Torhiana: It is essential for future DOs to learn about health equity and health disparities because we'll see a wide variety of patients. When you see patients from diverse backgrounds, ethnicities and experiences, you need to be able to provide that same standard of care to everyone despite their economic status or what's going on in their life beyond medicine. As someone who wants to take care of the underserved community as a primary care doctor, I believe that knowing where my patients come from, what they believe in and what might have shaped their viewpoints on medicine and their treatment is vital to making sure that the community I serve is in better shape than the way that I left it. My ultimate goal is to make sure that the information I learned in this course will provide me with a foundational skill set so when I encounter patients, I’ll be able to meet and exceed their needs when it comes to patient care and satisfaction.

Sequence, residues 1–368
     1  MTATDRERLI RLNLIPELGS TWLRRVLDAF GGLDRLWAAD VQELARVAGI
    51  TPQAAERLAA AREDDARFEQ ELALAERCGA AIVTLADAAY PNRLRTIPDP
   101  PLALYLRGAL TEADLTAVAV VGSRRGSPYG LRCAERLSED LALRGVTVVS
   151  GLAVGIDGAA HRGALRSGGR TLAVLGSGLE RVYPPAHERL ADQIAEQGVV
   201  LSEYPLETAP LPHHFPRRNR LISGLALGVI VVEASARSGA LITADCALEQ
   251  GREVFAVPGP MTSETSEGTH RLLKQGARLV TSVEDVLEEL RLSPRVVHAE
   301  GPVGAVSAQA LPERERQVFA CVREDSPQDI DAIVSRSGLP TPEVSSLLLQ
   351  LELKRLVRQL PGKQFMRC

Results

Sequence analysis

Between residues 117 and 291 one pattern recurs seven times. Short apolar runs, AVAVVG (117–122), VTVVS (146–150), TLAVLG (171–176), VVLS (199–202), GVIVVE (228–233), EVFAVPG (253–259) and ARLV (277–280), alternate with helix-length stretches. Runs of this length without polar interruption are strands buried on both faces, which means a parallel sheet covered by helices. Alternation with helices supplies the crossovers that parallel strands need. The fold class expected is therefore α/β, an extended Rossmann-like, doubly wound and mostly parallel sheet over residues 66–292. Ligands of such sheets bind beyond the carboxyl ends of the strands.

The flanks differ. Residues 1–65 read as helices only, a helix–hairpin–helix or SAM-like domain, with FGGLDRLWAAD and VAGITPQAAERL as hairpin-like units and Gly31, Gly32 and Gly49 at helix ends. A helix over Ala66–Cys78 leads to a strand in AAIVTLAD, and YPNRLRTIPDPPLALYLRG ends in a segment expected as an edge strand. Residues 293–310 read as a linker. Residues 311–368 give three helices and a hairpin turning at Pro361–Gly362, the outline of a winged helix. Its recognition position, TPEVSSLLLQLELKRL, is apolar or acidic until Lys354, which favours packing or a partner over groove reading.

Q: What advice would you give to third-year osteopathic medical students who are interested in the Academic Recognition Program but are concerned about balancing it with their other coursework?

Brie: I was able to start and stop this program when I wanted to, and I made it a priority to work on the modules for one to two hours every couple of days. On the weekends, I’d find more time to work through all the material and review what I learned throughout the week to ensure I was prepared to take the quiz at the end. As long as you have good time management skills, this program is important to prioritize in addition to your schoolwork.